From School Library Journal
Grade 7-10-This companion to Sullivan's African American Inventors (Wiley, 1998) profiles 26 women, beginning with Ellen F. Eglin, who was born in 1849 and invented a clothes-wringer, and concluding with Chavonda J. Jacobs Young, who was born in 1967 and has been a research scientist and professor. There is some crossover between the two titles. The introduction discusses the lack of information on the contributions of African-American women and the historical reasons for it. Each brief biography describes the subject's background and achievements, and, in some cases, the obstacles that she had to overcome. Coverage ranges from well-known individuals, such as Madame C. J. Walker, to the lesser known, such as Miriam E. Benjamin, who patented a gong-and-signal chair that was used in the U.S. House of Representatives. When available, black-and-white pictures have been included, as well as photographs and or drawings of certain inventions. This much-needed book is a fine supplement to units on inventors and inventions, and would be useful in multicultural studies.Maren Ostergard, Bellevue Regional Library, WA
Copyright 2002 Reed Business Information, Inc.
From the Inside Flap
This latest gem in the Black Stars Series brings African American women of science and invention to life. Countless African American women have made important contributions to science that impact the way we live, work, and think today. Too often their accomplishments have gone unrecorded. African American Women Scientists and Inventors introduces you to some of these outstanding women and their achievements.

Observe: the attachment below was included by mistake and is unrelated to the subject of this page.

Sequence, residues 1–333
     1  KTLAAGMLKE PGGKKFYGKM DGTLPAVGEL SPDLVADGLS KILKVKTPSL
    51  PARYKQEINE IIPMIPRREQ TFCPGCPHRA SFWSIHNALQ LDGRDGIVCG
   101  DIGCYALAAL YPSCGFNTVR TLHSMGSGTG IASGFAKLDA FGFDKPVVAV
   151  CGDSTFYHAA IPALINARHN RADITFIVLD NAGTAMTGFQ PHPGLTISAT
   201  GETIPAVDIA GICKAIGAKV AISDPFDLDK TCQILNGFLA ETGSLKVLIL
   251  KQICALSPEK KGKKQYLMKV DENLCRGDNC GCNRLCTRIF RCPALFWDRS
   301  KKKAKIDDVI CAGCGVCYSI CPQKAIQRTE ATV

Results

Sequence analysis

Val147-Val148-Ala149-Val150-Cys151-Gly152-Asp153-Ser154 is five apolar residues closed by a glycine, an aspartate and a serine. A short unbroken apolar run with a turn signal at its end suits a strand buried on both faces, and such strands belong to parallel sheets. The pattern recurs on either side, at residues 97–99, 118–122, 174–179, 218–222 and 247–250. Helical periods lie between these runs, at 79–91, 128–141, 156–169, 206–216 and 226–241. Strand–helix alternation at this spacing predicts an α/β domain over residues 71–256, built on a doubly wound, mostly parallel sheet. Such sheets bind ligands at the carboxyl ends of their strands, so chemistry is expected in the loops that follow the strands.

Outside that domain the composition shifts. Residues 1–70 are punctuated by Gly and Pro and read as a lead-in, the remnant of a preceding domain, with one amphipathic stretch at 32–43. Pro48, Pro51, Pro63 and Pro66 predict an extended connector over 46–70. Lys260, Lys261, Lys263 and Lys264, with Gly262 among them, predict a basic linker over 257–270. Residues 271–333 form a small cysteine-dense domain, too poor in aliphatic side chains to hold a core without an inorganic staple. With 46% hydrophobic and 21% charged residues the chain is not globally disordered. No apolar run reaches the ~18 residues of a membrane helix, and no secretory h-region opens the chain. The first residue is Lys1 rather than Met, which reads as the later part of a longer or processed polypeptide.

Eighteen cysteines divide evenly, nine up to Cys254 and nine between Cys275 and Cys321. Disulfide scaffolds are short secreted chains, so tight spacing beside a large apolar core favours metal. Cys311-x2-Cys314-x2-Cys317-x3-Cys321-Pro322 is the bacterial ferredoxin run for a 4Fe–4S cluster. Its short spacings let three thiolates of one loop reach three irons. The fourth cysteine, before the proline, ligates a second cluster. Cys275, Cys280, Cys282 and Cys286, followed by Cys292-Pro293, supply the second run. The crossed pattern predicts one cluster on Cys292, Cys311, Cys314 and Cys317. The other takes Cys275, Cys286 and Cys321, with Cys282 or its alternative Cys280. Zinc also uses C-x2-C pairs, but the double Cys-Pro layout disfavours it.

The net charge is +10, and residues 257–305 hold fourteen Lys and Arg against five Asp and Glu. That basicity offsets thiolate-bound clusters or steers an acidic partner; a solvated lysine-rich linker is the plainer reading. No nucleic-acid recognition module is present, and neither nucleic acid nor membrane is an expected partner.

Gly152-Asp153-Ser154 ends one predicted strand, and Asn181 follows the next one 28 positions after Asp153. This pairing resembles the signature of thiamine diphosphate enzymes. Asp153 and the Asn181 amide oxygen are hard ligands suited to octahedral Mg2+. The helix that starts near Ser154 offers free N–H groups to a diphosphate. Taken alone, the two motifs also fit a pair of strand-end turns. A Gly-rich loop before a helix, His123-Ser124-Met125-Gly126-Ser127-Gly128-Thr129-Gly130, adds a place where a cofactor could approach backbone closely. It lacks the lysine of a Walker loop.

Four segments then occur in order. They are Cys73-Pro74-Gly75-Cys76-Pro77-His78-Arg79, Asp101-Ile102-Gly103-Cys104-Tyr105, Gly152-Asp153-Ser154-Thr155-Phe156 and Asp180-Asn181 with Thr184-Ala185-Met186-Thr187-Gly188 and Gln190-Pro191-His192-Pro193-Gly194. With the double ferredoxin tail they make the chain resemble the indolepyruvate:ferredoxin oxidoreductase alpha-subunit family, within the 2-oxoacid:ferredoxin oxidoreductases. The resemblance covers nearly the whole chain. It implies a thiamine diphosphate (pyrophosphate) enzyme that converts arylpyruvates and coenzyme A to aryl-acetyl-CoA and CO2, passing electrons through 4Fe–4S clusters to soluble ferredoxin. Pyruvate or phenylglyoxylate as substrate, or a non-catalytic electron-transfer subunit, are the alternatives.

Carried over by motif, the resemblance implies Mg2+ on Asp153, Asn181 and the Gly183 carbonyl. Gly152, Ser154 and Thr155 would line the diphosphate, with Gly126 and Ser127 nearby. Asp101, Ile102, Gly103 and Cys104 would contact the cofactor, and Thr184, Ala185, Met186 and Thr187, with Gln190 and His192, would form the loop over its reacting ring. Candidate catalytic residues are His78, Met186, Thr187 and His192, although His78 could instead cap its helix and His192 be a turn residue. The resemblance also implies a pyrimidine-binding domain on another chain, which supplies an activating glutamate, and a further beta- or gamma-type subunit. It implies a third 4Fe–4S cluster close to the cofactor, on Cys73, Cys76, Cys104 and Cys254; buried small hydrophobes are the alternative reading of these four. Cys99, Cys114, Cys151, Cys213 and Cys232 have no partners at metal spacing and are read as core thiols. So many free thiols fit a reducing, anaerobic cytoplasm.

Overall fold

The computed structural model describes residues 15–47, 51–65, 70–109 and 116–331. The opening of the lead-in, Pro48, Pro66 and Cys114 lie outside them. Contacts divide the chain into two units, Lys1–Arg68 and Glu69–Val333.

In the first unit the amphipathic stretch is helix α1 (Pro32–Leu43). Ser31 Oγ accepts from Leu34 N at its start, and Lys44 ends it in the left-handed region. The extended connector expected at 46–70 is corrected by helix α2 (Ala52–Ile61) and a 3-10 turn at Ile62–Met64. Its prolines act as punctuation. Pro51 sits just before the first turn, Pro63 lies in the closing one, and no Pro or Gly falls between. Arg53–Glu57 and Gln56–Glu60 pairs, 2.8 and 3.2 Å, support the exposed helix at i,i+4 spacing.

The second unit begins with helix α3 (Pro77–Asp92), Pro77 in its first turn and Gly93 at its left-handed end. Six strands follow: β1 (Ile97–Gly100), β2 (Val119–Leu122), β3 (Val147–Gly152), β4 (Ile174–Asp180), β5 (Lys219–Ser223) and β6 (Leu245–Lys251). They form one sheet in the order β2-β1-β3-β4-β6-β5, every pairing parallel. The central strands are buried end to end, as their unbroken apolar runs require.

Here are lively profiles of both unsung and legendary heroines spanning three hundred years of American history. For example, find out how:
Madame C. J. Walker emerged from a heritage of slavery to develop the "Walker System" of hair care that allowed her to employ thousands, fund foundations and scholarships to help young African Americans—and become the first woman millionaire.
Bessie Blount Griffin, a physical therapist, invented a device to help the disabled feed themselves.
Angela D. Ferguson, M.D., discovered a way to detect sickle cell anemia in newborns.
Dr. Shirley Ann Jackson, the first African American woman to receive a Ph.D. in physics, became a leader in her field. She was the first African American to become president of Rensselaer Polytechnic Institute in New York, where she teaches today.